What about a fuzzier case, such as a dev mentioning how a new feature will be out in June and it's delayed until July? Or, to take a more GW2-ish example, saying that an event will “change the world” when the actual change is relatively minor? Yes, some people will chafe at that. Some will get outright angry.

But we've all been on the internet long enough to know the difference between “some people are mad” and “white hot rage.” Everything you do will make someone mad, every promise you make will seem “broken” by someone, even if it appears to be fulfilled on the surface. That's not a good enough reason to say nothing. If relatively few people are upset, then you probably haven't done something wrong. If a lot of people are upset, then you're communicating poorly or underdelivering. In neither case should you punish the people who are pointing out these flaws.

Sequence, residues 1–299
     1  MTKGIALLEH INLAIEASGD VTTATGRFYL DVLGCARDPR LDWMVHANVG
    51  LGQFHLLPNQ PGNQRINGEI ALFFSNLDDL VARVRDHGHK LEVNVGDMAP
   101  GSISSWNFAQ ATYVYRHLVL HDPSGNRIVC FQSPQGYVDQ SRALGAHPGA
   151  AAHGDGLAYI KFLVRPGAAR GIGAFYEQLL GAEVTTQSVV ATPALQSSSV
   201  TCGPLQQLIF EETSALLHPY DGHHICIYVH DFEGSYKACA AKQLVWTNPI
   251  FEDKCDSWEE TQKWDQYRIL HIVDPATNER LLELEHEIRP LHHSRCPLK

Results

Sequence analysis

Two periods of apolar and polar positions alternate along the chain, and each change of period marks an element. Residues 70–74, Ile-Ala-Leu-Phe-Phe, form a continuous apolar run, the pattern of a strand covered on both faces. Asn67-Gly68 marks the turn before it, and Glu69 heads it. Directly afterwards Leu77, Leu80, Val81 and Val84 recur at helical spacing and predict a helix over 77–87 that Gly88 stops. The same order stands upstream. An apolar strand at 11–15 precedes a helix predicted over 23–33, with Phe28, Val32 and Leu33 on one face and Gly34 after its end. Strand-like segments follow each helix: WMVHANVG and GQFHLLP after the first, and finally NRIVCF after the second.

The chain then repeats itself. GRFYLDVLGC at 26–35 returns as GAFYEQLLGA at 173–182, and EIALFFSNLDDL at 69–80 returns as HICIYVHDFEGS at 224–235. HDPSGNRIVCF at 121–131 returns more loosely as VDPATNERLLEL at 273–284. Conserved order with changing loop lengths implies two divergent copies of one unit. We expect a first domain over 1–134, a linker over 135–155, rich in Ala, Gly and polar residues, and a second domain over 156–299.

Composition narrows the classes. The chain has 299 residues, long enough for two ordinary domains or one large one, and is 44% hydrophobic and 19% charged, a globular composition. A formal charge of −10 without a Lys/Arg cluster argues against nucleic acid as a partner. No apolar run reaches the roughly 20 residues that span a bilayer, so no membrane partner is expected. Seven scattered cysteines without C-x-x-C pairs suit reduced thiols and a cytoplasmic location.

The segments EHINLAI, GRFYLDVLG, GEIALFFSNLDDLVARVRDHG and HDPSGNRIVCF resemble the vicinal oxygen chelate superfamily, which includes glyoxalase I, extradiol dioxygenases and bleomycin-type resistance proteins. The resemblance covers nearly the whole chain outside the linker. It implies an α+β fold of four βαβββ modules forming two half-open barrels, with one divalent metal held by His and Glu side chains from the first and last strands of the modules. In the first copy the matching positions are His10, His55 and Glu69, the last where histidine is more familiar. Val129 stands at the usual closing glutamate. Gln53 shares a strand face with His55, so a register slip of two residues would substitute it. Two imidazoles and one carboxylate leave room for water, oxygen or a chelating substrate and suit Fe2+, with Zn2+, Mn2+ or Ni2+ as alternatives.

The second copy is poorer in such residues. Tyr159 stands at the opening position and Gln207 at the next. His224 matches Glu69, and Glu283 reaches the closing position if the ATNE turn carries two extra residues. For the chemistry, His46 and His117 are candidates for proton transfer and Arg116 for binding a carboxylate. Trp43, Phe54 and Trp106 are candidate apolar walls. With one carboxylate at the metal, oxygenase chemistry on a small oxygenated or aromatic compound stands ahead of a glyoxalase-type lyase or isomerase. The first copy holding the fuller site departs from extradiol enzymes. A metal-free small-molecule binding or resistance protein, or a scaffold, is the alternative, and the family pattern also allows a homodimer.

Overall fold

It isn't 1997, and people aren't that new to internet forums or game development. Huge swaths of people are not going to flip their wigs if you miss a deadline by a few days, or even weeks, or if you promise eight new things and there are only seven – and those who do will often be talked down by the more rational members of the community (yes, they do exist). But ArenaNet has fully caved into this fear and, instead of examining how they do things and finding a balance that can work for everyone, they've taken their ball and gone home. Darth Sidious would be proud.

Fear is the path to the Dark side

I still like the premise of Guild Wars 2. I like the cosmetic endgame, horizontal progression, dynamic events, and so on. And the game still looks beautiful, four years after launch. Sure, there are some ways in which the “GW2 vision” didn't come along perfectly – the 'zerker meta, overreliance on zerg content and needing stacks of 250 of everything – but I still prefer 90% of what it does over a typical themepark quest-grind MMO, and I think most GW2 players would agree.